the old north

E and 6th Davis
One of the more historically interesting neighbourhoods in Davis is the Bowers Addition, better known as Old North Davis. It’s an area I have to walk home through in the evenings if I have been downtown, when it is dark, subject to the local ordinances that are meant to cut down on ‘light-pollution’ – people want to see the stars, but I’m the sort of person who wants to see the guy hiding in the shadows with the knife, personally.¬† However if you walk through this are in daytime you can really see the neighbourhood for what it is – pretty, historic, colourful and full of places that would be great to sketch. Recently I have made it my mission to draw as many historic (especially pre-1917) buildings in Davis as possible, and since the Old North is also now over 100 years old, I’ve added a bit more of it to my sketchbook pages. My inspiration has long been an excellent book by local historian John Lofland, “Old North Davis” (amazon link), which I picked up several years ago at the University bookstore. In the book, Lofland details every single block, between B and G, and 5th and 7th, with the history of most of the buildings, along with many photos both historic and taken by the author. It’s quite a spectacular undertaking. But anyway, let’s dive into some of my own sketches of the Old North. The panoramic one at the top was sketched at 6th and E, and was one of those ones where I added only the bright Springtime colors, so that they would stand out a bit more, and left the left-hand details unfinished. Also because I was sneezing uncontrollably and just could not draw any more. The house itself is a dark blue and looks great against those colors (especially the touches of pink) but you’ll have to take my word for it. It’s so floral around here on a Spring day, despite all the sneezes.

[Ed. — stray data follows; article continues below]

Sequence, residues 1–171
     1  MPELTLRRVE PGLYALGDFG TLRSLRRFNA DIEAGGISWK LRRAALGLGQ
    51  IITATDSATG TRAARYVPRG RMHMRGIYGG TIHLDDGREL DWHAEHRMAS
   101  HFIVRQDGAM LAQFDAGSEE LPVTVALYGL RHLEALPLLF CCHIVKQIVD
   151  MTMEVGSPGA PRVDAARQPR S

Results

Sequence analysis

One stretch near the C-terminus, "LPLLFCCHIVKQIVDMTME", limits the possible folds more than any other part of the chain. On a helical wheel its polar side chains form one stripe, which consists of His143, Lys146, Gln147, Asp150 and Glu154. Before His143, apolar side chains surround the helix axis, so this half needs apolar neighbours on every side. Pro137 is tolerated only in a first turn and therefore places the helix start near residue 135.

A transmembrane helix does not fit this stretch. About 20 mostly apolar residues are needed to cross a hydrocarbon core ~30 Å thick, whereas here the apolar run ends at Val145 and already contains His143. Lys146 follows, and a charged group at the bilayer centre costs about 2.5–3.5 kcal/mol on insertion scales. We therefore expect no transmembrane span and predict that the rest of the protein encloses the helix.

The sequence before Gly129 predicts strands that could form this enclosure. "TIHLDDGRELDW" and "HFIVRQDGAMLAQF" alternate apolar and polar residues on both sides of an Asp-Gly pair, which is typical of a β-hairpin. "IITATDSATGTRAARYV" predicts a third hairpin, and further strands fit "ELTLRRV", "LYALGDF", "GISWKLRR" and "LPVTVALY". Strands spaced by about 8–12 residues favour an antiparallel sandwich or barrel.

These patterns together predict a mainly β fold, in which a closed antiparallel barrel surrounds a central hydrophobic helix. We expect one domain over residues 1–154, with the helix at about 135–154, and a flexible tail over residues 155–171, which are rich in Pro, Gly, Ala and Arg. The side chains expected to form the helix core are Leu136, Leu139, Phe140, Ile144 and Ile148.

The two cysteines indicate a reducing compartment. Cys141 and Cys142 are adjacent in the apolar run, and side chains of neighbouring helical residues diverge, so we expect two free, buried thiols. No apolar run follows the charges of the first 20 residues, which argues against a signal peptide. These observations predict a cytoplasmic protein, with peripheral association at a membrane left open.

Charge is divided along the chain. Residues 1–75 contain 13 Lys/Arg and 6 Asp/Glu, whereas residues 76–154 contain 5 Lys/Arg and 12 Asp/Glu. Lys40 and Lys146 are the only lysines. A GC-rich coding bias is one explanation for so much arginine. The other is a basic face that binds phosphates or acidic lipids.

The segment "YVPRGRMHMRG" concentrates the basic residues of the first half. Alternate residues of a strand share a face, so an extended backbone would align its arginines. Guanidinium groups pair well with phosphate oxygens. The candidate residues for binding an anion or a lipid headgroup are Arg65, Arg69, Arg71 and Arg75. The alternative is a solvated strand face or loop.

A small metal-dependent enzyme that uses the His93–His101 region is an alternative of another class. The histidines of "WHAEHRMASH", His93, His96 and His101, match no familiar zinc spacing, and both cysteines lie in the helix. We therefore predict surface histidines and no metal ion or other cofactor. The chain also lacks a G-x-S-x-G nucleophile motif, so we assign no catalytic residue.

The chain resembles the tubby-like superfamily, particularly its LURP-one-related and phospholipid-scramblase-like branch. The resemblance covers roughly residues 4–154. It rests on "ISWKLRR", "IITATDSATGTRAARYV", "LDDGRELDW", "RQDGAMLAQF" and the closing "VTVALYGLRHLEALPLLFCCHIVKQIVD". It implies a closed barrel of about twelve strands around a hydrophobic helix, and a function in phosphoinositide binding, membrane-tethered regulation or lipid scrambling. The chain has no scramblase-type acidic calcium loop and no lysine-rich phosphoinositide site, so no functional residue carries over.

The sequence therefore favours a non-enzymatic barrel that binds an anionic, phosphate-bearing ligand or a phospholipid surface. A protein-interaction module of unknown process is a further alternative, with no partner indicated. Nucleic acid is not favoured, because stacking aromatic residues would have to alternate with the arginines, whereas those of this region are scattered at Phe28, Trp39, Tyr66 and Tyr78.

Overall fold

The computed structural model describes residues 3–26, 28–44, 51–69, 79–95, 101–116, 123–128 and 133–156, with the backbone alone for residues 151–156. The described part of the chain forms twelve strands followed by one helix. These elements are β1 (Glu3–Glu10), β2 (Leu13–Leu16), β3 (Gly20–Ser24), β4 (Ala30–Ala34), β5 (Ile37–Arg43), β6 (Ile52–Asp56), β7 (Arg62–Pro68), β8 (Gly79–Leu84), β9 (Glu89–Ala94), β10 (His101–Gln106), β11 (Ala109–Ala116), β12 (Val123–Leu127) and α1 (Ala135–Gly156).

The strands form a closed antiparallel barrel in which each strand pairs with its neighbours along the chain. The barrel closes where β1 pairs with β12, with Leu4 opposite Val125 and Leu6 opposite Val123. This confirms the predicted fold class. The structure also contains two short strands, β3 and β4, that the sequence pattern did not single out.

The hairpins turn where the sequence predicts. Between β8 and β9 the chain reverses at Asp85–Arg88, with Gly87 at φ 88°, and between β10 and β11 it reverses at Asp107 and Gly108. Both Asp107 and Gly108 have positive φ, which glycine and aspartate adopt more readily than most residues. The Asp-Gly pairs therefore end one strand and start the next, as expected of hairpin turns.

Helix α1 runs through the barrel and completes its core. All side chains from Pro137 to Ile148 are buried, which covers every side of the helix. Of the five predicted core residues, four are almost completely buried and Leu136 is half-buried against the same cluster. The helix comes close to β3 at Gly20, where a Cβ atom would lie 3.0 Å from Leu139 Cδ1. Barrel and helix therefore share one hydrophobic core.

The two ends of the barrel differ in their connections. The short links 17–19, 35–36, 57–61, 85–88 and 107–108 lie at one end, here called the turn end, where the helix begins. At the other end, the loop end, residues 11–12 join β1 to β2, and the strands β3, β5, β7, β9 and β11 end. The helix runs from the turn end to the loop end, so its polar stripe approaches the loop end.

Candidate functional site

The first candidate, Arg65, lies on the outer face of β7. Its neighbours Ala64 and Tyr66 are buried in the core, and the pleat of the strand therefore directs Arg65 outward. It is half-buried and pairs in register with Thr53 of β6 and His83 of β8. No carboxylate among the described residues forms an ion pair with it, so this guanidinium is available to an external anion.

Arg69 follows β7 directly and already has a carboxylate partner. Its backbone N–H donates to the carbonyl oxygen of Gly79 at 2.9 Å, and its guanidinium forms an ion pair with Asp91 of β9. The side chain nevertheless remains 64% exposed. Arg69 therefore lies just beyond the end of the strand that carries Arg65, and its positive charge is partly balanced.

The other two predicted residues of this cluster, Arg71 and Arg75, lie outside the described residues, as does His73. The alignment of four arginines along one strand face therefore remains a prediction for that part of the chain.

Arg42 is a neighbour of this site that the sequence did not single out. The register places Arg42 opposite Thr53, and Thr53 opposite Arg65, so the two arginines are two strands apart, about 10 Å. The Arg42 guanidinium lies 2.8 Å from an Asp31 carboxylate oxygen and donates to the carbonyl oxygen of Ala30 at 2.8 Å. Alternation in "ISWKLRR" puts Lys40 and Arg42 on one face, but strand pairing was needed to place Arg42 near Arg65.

the liggett house, old north davis
The “Bowers Addition to the City of Davisville” (as it was called; Davisville wasn’t formally a city, and would be called Davis when it was) was created in 1913 and named after its lead developer, C.W.Bowers. The house above, also sketched in spite of the allergies, was one of those original houses, being built in 1913 in the 600 block of E Street. It is on that list of historic Davis buildings on the City of Davis website, called the Liggett House. It’s on my map of pre-1917 buildings (see the previous post, “Davis before the City of Davis“). It’s a craftsman bungalow and one of the oldest unaltered homes in this area. I sat on a bench across the street in the little spot called the ‘Lyda Williams Memorial Garden’. Lyda Williams was a resident of this street who once had a magnificent flower garden, according to Lofland’s book. It is a very pretty little spot to sit and dream, or in my case, sketch.
b street house, old north davis
This house on B Street has always been one I’ve wanted to sketch (though there are a few around here with the peace symbol on I’ve wanted to draw, because it makes it feel that bit more ‘Davis’). I was out on a Sunday having a little Old North Davis solo-sketchcrawl, before the sneezes start.This is around the part of B Street that is slightly crooked in relation to the other streets in the grid.
7th street house, old north davis
I’ve always liked cycling past this large and unusually shaped house, imagining it some kind of castle, though it is more like the Silo and has a fun weather-vane on the top (I cannot make out the shape, but it looks like a flying pig). I had to give up before I was done with this and finish off at home because the sneezes and itching eyes took over.I went to Lofland’s book to see what I could discover about the history of this magnificent building, but the photo of the house at this address..looked nothing like this one. Well, his book was written in 1999, I came to Davis in 2005 (and north Davis in 2012), so perhaps that older house is now gone (it’s funny, I find I don’t want to suggest ‘demolished’ or ‘torn down’ or even ‘vanished’, I’m trying to find gentler words, as if the house has, well, passed on to the next life). This one is much less aged-looking, and very clean and well-kept, so must just be a lot newer.
G St Tangles Studio